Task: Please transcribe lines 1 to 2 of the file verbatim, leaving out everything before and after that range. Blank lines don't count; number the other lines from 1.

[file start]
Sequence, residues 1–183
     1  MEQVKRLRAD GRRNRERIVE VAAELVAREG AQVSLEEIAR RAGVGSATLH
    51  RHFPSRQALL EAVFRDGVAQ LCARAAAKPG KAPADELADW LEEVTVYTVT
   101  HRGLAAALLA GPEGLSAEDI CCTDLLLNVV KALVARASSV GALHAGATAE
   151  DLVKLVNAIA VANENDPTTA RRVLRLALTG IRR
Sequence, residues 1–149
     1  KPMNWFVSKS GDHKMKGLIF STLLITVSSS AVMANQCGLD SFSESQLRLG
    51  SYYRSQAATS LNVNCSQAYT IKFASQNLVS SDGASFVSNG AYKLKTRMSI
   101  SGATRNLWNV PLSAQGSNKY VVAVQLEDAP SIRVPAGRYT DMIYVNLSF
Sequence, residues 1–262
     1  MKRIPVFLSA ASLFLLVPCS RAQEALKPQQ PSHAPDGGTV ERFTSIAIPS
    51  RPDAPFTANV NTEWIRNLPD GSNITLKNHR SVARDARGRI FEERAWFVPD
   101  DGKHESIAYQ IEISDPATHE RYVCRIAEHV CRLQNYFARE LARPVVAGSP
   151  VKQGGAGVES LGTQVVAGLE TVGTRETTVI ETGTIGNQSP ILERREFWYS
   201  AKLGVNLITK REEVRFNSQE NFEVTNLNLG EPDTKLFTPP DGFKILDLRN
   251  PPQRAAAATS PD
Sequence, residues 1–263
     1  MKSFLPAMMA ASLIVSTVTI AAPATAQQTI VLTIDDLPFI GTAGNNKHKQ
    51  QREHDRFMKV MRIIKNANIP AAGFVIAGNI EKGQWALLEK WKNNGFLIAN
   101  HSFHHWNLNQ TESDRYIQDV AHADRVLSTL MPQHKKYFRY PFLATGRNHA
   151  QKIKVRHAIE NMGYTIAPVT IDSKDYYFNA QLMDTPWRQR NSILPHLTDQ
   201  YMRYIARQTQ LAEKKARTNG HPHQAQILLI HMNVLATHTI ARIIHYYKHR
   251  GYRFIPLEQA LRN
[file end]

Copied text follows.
Sequence, residues 1–183
     1  MEQVKRLRAD GRRNRERIVE VAAELVAREG AQVSLEEIAR RAGVGSATLH